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LLNL-led team to use microorganisms to separate and purify rare-earth elements; biomining

Using naturally occurring and engineered proteins and bacteria, Lawrence Livermore National Laboratory (LLNL) scientists and collaborators will separate and purify rare-earth elements for use in the defense sector.

Under the Defense Advanced Research Projects Agency (DARPA) Environmental Microbes as a BioEngineering Resource (EMBER) program (earlier post), the team was awarded an initial $4 million in funding R&D in Phase 1 with an option for up to an additional $9 million based on program performance in follow-on phases. The team will leverage advances in microbial and biomolecular engineering to develop a scalable bio-based separation and purification strategy for rare-earth elements (REEs) using under-developed domestic sources.

REEs are a set of 17 elements in the periodic table that includes the 15 lanthanides plus scandium and yttrium.


Rare earths bearing core sample drilled at La Paz, Arizona. Image courtesy of American Rare Earths Ltd/ photographer Dane Rhys. American Rare Earths is the parent of project partner Western Rare Earths.

REEs are essential for American competitiveness in a high-tech economy because they are used in many devices important to the clean-energy industry and national security, including computer components, wind turbines, hybrid/electric vehicles, LCD screens and tunable microwave resonators. In the defense sector, they are used for lasers, precision-guided weapons, magnets for motors and other devices.

To date, the chemical processes required to extract and purify REEs have been complex and harmful to the environment. Extracting or recycling REE from new sources, like low-grade ores and tailings, while using natural products could be game-changing for the REE supply chain.

—LLNL scientist Yongqin Jiao, principal investigator for the project

Although the US has adequate domestic REE resources, its supply chain is vulnerable due to dependence on foreign entities for separation and purification of these elements. “Biomining,” an approach that uses microbes to extract or separate target metals like gold or copper from a variety of sources, is not yet useful for REEs given that a role for REEs in biological processes has only recently been discovered.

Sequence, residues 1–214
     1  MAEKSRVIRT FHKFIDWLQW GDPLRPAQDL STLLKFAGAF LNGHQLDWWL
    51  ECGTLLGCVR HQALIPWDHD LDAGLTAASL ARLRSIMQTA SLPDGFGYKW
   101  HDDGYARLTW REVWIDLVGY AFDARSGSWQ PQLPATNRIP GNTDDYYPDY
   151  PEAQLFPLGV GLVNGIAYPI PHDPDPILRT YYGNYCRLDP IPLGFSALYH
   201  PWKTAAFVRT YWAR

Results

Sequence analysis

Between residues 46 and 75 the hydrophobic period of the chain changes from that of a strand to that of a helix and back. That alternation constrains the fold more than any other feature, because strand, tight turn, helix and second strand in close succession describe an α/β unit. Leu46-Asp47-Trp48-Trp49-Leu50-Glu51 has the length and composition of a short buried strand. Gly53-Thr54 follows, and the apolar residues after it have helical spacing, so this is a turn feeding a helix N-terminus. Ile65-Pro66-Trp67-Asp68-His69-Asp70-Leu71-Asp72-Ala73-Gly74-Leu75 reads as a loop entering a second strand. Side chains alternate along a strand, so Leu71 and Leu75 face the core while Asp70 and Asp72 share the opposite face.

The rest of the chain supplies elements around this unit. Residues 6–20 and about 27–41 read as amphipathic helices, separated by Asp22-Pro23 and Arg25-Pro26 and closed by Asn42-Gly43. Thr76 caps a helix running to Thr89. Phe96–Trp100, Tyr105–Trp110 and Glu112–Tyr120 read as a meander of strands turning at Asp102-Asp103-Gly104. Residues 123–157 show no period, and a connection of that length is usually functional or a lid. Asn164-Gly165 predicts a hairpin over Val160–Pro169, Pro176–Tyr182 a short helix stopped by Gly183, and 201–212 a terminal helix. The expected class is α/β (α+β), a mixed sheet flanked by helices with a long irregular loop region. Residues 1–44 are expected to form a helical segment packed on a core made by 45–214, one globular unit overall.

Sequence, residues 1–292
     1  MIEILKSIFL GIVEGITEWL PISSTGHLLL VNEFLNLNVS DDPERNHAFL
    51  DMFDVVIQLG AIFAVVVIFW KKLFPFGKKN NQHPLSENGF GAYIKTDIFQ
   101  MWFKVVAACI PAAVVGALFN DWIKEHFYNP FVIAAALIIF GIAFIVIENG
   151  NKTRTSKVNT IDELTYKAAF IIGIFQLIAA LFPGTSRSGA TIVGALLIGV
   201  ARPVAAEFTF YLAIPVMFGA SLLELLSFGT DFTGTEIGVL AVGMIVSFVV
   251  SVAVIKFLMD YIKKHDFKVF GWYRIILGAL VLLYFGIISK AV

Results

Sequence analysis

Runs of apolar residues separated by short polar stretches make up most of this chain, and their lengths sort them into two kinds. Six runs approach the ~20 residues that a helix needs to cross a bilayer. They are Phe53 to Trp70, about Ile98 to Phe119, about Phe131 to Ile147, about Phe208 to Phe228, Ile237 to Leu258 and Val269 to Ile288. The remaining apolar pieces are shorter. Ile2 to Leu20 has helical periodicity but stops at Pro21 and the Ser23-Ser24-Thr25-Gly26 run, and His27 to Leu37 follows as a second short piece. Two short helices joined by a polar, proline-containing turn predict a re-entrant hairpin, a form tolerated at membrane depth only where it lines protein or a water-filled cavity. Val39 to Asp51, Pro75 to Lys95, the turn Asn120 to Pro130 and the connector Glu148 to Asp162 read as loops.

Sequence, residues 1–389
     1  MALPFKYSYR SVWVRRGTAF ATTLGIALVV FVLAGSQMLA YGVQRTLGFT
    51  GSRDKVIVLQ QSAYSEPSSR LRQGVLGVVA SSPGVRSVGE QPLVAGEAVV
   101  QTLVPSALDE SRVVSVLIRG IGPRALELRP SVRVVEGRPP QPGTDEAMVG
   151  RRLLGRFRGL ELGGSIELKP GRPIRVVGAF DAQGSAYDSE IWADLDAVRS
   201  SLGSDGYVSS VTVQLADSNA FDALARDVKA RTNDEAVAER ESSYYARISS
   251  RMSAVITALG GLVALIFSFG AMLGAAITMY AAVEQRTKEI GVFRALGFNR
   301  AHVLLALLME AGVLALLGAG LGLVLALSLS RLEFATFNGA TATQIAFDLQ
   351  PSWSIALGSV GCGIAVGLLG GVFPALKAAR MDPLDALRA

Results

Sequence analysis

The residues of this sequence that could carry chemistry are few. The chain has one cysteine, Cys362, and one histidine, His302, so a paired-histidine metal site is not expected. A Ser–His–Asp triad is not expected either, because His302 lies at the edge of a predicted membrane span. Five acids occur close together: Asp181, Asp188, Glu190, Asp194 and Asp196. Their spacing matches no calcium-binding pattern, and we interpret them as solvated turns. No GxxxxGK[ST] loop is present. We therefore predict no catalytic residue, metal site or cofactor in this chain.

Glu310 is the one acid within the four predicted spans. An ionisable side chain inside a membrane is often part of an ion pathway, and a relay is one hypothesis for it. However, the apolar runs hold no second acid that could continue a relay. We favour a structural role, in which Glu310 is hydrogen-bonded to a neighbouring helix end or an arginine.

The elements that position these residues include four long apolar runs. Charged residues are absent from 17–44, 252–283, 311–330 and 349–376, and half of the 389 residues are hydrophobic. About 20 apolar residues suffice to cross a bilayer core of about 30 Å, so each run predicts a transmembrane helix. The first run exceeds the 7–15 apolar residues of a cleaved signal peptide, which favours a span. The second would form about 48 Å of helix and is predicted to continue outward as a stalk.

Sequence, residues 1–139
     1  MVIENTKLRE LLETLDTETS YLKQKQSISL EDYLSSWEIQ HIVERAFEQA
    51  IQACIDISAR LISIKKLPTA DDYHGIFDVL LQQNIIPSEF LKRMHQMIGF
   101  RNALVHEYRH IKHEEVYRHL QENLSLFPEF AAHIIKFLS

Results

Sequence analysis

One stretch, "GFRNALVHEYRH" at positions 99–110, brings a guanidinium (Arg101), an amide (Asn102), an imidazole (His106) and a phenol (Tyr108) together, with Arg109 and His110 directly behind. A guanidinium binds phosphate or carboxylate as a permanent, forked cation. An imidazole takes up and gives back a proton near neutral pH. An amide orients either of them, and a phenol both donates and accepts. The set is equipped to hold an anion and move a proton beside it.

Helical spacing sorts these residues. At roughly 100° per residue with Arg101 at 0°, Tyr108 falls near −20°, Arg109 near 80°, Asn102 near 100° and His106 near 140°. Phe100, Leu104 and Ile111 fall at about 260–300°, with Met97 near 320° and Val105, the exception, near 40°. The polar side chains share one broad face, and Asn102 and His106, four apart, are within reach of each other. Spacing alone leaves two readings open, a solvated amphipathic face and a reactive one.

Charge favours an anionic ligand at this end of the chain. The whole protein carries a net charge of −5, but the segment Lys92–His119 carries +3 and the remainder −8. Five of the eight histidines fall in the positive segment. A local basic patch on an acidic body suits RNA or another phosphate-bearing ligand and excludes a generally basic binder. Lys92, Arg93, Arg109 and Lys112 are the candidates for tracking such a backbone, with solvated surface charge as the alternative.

In the new project, the LLNL team will leverage the diversity, specificity and customizability of environmental microbiology, synthetic biology and protein engineering to enable new biomining methods for the separation, purification and conversion of REEs into manufacturing-ready forms.

By cultivating new and translating existing bioengineered REE-converting bacteria and proteins, we will deliver platform biotechnologies for REE separation and purification with high commercialization potential.

—LLNL scientist Dan Park, one of the technical leads for the project

In addition to exploiting previously identified microbes and proteins that have been tested and used to purify and separate REEs, the team will conduct a bioprospecting campaign to identify new REE-associated microorganisms that exhibit REE-utilization capacity. Results will expand the repertoire of REE-biomining hosts and REE-binding biomolecules.

Other LLNL team members include Dante Ricci, Edmond Lau and Thomas Desautels. Collaborating institutions include Penn State, Columbia University, Tufts University, University of Kentucky, Purdue University and industry partner Western Rare Earths.


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